Taliban widen Afghan attacks

Militants using their base in Pakistan to stoke violence in Afghanistan

 
The Taliban’s expansion into parts of Afghanistan that it once had little influence over comes as the Obama administration is struggling to settle on a new military strategy for Afghanistan, and as the White House renews its efforts to get Pakistan’s government to be more aggressive about killing or capturing Taliban leaders inside Pakistan.

American military and intelligence officials, who insisted on anonymity because they were discussing classified information, said the Taliban’s leadership council, led by Mullah Muhammad Omar and operating around the southern Pakistani city of Quetta, was directly responsible for a wave of violence in once relatively placid parts of northern and western Afghanistan.

A recent string of attacks killed troops from Italy and Germany, pivotal American allies that are facing strong opposition to the Afghan war at home.

These assessments echo a recent report by General Stanley A McChrystal, the top military commander in Afghanistan, in portraying the Taliban as an increasingly sophisticated shadow government that sees itself on the cusp of victory in the war-ravaged nation.

ISI support

General McChrystal’s report describes how Mullah Omar’s insurgency has appointed shadow governors in most provinces of Afghanistan, levies taxes, establishes Islamic courts there and conducts a formal review of its military campaign each winter.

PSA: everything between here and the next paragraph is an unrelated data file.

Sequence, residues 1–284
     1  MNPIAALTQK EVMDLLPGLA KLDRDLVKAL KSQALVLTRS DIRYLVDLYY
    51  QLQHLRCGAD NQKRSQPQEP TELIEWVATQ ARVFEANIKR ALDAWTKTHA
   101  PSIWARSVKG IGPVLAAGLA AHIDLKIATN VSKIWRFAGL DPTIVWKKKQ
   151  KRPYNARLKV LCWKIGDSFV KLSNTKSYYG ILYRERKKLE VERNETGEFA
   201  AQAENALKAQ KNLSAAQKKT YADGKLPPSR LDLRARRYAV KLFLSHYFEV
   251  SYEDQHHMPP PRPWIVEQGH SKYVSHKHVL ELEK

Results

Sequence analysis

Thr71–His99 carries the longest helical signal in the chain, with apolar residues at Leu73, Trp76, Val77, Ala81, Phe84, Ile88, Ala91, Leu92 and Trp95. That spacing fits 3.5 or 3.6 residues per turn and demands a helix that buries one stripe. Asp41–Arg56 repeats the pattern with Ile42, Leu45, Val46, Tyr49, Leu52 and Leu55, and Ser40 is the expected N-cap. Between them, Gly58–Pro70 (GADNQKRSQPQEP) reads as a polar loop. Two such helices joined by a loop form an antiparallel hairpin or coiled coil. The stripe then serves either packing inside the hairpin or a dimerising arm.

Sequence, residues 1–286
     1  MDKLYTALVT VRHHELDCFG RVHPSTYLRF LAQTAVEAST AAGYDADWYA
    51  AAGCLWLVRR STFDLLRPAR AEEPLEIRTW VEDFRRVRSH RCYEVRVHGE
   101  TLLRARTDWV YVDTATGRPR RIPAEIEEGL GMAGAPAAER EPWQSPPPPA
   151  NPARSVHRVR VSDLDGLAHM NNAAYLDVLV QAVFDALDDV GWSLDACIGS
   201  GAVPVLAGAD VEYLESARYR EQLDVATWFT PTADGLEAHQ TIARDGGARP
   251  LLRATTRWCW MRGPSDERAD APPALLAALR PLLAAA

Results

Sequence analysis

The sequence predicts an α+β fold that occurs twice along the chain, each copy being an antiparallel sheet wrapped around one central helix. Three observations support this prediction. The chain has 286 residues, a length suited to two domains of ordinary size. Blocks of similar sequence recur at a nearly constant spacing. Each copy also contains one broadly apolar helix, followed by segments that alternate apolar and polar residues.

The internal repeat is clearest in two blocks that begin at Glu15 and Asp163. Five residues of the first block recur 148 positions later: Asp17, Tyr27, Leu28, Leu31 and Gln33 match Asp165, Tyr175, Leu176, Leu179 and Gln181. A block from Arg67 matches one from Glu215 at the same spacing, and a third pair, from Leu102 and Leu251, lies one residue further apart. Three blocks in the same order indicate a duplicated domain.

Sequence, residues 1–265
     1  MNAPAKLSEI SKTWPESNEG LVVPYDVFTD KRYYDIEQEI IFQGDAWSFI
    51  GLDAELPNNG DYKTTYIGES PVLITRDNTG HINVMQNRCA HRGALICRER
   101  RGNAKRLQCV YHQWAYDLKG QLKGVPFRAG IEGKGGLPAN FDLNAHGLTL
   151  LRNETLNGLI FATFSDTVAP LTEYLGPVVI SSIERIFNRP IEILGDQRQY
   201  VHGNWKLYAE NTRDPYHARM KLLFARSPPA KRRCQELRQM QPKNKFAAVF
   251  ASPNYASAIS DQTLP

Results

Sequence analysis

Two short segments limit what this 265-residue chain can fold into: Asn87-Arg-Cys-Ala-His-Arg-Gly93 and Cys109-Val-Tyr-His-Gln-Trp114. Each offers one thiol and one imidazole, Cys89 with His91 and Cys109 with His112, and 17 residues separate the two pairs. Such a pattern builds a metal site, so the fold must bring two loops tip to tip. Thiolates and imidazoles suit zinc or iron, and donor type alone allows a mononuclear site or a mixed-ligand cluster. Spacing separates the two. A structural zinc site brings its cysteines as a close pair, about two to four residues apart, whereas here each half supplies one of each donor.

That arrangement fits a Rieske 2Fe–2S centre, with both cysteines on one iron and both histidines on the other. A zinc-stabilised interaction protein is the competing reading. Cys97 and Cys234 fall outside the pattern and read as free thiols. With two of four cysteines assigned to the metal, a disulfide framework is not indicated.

American officials say they believe that the Taliban leadership in Pakistan still gets support from parts of the Directorate for Inter-Services Intelligence (ISI), Pakistan’s military spy service.

The ISI has been the Taliban’s off-again-on-again benefactor for more than a decade, and some of its senior officials see Mullah Omar as a valuable asset should the United States leave Afghanistan and the Taliban regain power.

The issue of the Taliban leadership council, or shura, in Quetta is now at the top of the Obama administration’s agenda in its meetings with Pakistani officials. At the same time, American officials face a frustrating paradox: the more the administration wrestles publicly with how substantial and lasting a military commitment to make to Afghanistan, the more the ISI is likely to strengthen bonds to the Taliban as Pakistan hedges its bets.

American officials have long complained that senior Taliban leaders operating from Quetta, the capital of Baluchistan Province, provide money, military supplies and strategic planning guidance to the Taliban in the south of Afghanistan, where most of the nearly 68,000 American forces are deployed.

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